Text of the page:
Sunday, 24 February 2013  
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Trade-off availability/consistency formalized based on UML/OCL and metrics

The trade-off availability/consistency has been formalized using UML (Unified Modelling Language) and OCL (Object Constraint Language). Several adaptive replication protocols have been designed that support the trading process. Furthermore, metrics have been identified for different aspects of the trading and guidelines of how to use them have been devised.

System models and architectures for balanced dependability

We have defined two different platform-independent system models for enhanced dependability that comprise a system architecture and interaction and composition of main system elements. One of the models is targeted to tightly coupled, data-centric systems (distributed object or component systems, typically supported by middleware) and the other one is focused on loosely coupled, service-oriented systems (Grid, peer-to-peer, Web services).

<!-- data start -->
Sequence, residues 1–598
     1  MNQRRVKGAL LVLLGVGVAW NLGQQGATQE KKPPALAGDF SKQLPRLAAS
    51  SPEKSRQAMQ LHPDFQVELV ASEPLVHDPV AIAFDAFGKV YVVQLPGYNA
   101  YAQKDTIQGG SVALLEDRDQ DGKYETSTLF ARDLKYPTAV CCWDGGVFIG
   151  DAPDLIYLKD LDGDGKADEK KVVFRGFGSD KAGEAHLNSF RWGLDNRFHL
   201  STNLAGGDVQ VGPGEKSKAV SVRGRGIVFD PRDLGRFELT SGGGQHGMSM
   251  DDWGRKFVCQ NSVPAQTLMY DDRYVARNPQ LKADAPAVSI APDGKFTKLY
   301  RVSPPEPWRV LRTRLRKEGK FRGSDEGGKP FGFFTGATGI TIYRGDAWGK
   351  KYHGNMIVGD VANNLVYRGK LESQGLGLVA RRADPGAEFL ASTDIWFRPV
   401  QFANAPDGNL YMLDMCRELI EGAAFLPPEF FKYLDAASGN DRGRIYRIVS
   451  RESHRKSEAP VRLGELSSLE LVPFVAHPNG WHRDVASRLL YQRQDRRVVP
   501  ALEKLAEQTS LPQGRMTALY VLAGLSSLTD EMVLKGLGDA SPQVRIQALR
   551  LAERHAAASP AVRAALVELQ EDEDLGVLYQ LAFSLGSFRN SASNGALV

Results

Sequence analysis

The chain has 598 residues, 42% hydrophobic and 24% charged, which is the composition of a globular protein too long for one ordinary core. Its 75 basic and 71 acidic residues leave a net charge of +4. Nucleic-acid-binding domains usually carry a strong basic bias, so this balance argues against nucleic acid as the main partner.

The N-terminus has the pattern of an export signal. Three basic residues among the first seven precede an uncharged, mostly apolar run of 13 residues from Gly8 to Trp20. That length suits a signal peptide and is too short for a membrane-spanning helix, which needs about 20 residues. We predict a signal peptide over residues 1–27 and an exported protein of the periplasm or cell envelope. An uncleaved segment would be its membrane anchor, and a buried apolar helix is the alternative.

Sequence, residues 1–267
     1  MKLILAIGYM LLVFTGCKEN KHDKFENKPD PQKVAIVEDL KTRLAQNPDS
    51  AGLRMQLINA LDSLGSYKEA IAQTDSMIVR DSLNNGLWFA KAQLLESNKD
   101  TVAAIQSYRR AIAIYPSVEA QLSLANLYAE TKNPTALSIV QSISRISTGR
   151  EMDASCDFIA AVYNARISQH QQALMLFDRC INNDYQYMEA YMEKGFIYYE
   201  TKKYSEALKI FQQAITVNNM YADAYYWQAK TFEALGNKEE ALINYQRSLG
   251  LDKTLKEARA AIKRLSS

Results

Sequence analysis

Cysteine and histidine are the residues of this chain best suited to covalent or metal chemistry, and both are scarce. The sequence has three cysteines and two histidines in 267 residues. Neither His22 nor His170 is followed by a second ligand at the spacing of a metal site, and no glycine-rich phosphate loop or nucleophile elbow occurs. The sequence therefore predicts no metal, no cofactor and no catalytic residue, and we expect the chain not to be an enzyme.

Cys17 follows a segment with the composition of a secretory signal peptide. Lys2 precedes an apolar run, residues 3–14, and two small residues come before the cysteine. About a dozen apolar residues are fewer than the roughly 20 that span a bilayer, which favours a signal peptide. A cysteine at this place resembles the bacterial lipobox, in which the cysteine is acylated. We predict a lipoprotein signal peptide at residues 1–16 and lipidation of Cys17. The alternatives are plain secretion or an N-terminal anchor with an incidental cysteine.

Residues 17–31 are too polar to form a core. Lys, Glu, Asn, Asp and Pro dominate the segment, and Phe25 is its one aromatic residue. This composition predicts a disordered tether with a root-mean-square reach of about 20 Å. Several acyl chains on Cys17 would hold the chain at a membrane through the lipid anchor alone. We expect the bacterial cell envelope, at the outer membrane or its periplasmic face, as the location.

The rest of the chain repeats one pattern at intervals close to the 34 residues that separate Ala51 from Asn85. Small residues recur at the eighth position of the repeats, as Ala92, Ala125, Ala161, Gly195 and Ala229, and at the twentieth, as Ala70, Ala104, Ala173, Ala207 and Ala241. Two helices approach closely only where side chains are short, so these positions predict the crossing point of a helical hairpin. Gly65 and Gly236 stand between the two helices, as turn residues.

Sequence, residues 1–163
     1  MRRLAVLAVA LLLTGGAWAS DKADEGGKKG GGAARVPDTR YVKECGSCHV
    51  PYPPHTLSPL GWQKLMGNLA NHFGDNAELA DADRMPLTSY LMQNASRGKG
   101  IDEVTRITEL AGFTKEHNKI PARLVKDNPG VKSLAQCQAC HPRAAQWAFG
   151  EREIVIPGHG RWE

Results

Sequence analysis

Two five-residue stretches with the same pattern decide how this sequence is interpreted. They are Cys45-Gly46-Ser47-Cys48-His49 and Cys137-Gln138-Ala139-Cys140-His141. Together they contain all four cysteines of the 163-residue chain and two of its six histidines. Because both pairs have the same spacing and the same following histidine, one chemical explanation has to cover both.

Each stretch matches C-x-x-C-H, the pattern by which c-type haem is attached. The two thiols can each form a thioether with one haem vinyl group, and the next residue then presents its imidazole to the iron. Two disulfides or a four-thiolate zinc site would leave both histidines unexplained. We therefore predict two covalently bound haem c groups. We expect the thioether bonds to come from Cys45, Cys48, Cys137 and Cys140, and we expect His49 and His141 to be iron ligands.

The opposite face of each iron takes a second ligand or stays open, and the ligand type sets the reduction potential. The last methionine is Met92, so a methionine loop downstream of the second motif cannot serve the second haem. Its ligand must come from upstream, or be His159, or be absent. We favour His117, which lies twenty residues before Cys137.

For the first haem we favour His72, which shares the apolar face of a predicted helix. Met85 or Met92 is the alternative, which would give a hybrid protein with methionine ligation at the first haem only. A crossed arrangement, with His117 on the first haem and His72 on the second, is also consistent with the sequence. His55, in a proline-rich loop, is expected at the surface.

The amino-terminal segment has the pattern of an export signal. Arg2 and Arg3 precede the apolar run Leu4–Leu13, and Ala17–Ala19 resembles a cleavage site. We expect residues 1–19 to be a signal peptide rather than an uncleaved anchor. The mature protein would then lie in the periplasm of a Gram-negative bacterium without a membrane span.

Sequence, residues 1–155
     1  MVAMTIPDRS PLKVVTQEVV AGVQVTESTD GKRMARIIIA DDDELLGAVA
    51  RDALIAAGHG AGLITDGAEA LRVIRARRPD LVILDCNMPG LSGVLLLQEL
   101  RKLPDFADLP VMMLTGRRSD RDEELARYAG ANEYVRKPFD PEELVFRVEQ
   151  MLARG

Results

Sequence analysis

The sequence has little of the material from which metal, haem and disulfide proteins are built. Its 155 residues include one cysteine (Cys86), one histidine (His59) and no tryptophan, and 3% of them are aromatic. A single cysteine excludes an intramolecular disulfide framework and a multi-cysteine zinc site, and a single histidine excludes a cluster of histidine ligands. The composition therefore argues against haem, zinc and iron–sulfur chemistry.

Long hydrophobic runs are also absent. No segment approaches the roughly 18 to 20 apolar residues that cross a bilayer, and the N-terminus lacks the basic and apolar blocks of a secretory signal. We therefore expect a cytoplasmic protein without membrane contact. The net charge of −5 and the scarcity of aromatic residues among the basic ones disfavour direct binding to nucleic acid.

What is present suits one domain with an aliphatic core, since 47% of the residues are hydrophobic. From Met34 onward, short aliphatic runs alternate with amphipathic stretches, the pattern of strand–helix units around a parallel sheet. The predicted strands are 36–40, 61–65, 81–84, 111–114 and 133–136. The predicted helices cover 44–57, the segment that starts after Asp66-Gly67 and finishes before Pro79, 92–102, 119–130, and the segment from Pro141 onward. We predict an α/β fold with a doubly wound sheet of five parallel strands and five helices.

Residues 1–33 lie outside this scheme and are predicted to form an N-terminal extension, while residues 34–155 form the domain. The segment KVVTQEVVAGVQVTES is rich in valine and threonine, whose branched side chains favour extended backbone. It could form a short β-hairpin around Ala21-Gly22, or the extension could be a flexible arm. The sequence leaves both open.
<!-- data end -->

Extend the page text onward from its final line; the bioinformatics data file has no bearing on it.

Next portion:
Platform-specific mappings and prototype implementations

The platform-independent system models have been mapped to and implemented on different platforms (EJB, CORBA, .NET, and Globus). Furthermore, the metrics defined in the first phase have been used to verify that the system is fulfilling its requirements by carrying out the defined test cases.

Comparison between the system models and recommendations

The technologies of the tightly coupled track have been compared and assessed in the context of industry scenarios. This comparison basically shows more commonalities than differences. The major differences between the technologies are in the set of application programming interfaces (APIs) and libraries freely and/or commercially available to be used. Moreover, the complexity of the reconciliation phase in general has been identified as the most critical factor to decide, whether the DeDiSys approach is applicable or not.

In addition, the tightly and loosely coupled tracks have been compared with each other on the conceptual level. Generally, while the application scenarios of tightly-coupled applications are very specific, the DeDiSys framework will provide most benefits to loosely-coupled applications deployed in large, wide-area inter-organizational networks, where the environment can not be controlled and the ability to make a priori assumptions about the environment during development is severely limited, and other approaches prove impossible or prohibitively expensive.